Continuing series of reports from Dr. Alice Rothchild in Amman, Jordan after attending the Lancet Palestinian Health Alliance Annual conference in March/April 2019.
By Alice Rothchild | Mondoweiss | May 25, 2019
I struggle with the concept of ‘ex-Gazans’ who arrived in 1967 during the war and are not recognized as refugees by the Jordanian government, are granted temporary two-year Jordanian passports, but do not hold a national ID number.
Even “Ex-Gazans” Have More Trouble
We Uber over to the UN Headquarters again (Uber just bought Careem in the never ending cycle of capitalism). We are heading north to Jerash Camp (aka Gaza Camp), with Julia McCahey and several Japanese and German/Iraqi interns and analysts. In the van we learn that in Jordan, where 42% of Palestinian refugees live, there are ten official and three unofficial camps which accommodate less than 18% of the total refugee population. The aspirational UNRWA microfinancing program was largely cut in the latest financial crisis. There is a Department of Palestinian Affairs in Jordan; the UNRWA camps are owned by UNRWA or rented for about 1 Jordanian Dinar per year, either from the state or leased by the state from local landowners. The EU and the Saudis are providing funding to upgrade buildings which are often dilapidated and desperately in need of renovation and repair.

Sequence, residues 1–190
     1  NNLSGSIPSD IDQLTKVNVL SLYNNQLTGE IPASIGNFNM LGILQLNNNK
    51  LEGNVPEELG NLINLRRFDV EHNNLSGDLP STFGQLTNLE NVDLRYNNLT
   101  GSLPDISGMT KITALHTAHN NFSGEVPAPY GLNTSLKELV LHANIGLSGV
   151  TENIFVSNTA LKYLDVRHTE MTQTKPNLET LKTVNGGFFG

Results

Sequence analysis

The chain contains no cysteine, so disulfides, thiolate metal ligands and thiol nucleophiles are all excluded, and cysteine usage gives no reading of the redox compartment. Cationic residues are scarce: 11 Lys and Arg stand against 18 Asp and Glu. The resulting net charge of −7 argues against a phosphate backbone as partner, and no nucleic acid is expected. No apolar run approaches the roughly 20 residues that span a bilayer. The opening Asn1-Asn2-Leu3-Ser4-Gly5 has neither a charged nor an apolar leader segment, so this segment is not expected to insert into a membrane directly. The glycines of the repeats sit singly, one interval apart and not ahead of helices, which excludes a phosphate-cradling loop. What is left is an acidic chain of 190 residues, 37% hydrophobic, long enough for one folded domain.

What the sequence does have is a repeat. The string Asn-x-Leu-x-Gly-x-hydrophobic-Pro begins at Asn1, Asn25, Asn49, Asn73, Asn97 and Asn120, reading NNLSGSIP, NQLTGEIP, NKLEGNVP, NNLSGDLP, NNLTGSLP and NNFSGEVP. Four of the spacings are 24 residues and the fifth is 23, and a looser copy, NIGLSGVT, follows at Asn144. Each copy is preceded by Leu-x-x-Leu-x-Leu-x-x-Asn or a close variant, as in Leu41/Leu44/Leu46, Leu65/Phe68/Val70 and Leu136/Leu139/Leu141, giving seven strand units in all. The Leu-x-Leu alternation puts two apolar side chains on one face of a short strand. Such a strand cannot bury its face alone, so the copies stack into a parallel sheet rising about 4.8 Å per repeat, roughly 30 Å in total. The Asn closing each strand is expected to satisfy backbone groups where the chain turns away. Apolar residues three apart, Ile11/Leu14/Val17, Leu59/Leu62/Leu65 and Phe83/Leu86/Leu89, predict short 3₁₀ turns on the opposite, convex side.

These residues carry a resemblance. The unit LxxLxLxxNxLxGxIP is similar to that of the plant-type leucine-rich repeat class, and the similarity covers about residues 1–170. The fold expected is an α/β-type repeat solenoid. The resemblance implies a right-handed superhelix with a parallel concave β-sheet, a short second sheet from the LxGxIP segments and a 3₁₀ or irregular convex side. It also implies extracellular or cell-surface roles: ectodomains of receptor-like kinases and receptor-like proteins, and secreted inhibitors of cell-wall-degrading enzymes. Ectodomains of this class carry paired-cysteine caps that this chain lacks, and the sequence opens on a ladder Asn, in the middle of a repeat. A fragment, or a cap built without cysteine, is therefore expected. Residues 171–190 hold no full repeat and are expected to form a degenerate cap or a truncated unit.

It seems that financial allotments to each clinic depend on need, plus local field officers approach donors and funds get earmarked for special projects like education. The 2018 and 2019 budgets for UNRWA were $1.2 billion per year. With the budget cuts, UNRWA launched the #Dignityispriceless campaign in 2018 to raise money for health and education. The reasons for the extreme disparities of resources and structures in the different camps still feel murky to me. I suspect it’s complicated. Jerash may give us a clue.
The weather is cold, rainy, and grey as we pass City Mall and Mecca Mall which feature swimming pools, cinemas, bowling alleys, and a wealth of international brands. In front of us is a truck with tens of bunches of bananas tied to its back, like a giant Big Bird. We travel through green rocky hills and the sun starts shining as we edge north towards Irbid. There are piles of pottery for sale, rows of olive trees, irregular terraces, solar panels on large structures, nurseries with stacks of plants, eucalyptus trees, and an increasing amount of garbage on the streets, junkyards, and goats wandering along the road. Our ears start popping from the hills.